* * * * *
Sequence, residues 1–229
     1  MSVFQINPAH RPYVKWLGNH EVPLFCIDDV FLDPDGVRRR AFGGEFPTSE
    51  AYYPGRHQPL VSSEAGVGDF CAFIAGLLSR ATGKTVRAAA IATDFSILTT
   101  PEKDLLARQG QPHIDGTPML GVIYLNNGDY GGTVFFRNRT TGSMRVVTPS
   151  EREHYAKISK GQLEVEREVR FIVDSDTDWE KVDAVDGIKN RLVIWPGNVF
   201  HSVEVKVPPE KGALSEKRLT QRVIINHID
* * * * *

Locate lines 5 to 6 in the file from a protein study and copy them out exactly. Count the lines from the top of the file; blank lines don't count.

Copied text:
   151  EREHYAKISK GQLEVEREVR FIVDSDTDWE KVDAVDGIKN RLVIWPGNVF
   201  HSVEVKVPPE KGALSEKRLT QRVIINHID